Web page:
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The North Carolina power grid attack exposes a troubling reality

With more than 40,000 customers in the dark, experts say the electrical grid has some glaring vulnerabilities.

The attacks, which involved gunfire and as of yet have no clear motive or suspects, highlight the physical vulnerability of the United States’ vast power grid in a world increasingly concerned by the risk of cyber intrusion. More than 55,000 power substations help keep electricity flowing across the country. Physical attacks on these and other power grid infrastructure are more common than one might think — and increasing in frequency.

Jon Wellinghoff, former chairman of the Federal Energy Regulatory Commission, said the susceptibility of the nation’s electric infrastructure is “a problem that should take a relatively little amount of money and time to rectify, and one that can be taken care of with a few measures that would obstruct these pieces of infrastructure — primarily transformers — from view and from harm from projectiles.”

Yet despite continued physical attacks on the grid, he said, simple measures to protect the nation’s most vulnerable electric infrastructure have not been fully implemented in many areas.

Gaps in the physical security of the nation’s power grid attracted national attention in 2013, when multiple people shot .30 caliber rounds at high-voltage transformer radiators at the Metcalf substation south of San Jose, California. That caused the equipment to leak and then fail. Although the incident prompted attention from Congress to the larger issue of grid security, the perpetrators were never caught. And the nation’s power apparatus is still at risk.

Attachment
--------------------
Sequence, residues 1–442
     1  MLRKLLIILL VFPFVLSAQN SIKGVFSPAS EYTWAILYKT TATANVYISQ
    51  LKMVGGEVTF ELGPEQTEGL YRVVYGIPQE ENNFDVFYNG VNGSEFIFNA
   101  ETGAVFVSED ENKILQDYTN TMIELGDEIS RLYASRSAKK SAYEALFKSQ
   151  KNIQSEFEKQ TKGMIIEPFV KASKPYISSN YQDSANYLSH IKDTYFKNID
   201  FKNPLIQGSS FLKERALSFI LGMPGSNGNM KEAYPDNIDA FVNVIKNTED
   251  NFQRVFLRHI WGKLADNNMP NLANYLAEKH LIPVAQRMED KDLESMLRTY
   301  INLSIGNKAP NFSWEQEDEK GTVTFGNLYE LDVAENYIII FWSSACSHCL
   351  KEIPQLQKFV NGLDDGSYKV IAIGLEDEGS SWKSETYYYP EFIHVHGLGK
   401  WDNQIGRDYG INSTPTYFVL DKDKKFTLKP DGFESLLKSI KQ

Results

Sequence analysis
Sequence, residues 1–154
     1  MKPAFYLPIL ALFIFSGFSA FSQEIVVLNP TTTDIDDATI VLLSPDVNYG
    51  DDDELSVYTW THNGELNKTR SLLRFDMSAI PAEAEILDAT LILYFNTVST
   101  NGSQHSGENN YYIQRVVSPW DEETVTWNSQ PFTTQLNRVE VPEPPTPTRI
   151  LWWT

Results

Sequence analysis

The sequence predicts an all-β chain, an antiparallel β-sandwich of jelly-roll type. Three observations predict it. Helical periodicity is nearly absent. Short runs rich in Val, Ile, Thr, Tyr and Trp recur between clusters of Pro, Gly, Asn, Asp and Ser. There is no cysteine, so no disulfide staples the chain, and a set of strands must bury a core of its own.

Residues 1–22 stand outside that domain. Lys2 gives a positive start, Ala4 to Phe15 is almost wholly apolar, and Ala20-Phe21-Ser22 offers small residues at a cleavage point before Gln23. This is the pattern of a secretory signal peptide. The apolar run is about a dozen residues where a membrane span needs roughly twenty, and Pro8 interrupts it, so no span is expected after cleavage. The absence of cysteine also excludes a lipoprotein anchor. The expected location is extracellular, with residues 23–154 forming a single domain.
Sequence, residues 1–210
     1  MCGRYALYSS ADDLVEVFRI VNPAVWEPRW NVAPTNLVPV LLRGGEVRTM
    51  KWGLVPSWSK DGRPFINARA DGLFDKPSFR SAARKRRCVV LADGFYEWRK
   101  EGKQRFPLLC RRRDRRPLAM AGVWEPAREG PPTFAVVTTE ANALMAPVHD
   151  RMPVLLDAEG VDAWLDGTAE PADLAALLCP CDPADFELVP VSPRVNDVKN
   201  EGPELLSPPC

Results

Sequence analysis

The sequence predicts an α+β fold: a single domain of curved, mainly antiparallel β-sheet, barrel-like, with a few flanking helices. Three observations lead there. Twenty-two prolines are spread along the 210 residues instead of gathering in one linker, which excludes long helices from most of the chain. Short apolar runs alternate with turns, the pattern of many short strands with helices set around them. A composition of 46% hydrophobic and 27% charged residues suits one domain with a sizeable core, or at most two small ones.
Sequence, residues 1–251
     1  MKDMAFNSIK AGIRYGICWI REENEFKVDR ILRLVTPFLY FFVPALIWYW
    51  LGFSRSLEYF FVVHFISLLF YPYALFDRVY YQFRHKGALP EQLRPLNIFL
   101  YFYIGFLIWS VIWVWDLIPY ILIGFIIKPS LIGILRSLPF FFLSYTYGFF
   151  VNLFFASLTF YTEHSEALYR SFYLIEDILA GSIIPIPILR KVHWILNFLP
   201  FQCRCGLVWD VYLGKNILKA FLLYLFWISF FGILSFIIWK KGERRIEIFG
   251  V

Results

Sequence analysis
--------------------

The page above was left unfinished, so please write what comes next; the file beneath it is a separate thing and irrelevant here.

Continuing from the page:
“Something as simple as sandbags would be effective,” Wellinghoff told Grid. “It’s not rocket science here that we’re talking about to be able to protect these things. And it’s not billions of dollars to protect these things either. It’s several millions.”

Persistent vulnerabilities

Duke Energy, which owns the North Carolina substations that were attacked, did not immediately respond to requests for comment. The Department of Energy did not respond to a request for comment.

The decades-old report noted that many important pieces of infrastructure were highly visible and protected by nothing more than a chain-link fence. “In some cases,” the report states, “an attack can be carried out without entering the facility.”

The attacks in North Carolina illustrate how the risks and gaps in security have continued to the present day.

“The physical vulnerability of the U.S. power system is a problem that has existed for decades,” Morgan said. “We are in a somewhat better situation these days than we were 20 years ago, but the system is still highly vulnerable.”

Extremist threats

Major attacks against such infrastructure have been relatively rare in recent years — but not unheard of.

“Since Metcalf, everybody knew the potential was out there,” said Wellinghoff, who headed FERC at the time. “To allow this to happen is unconscionable.”

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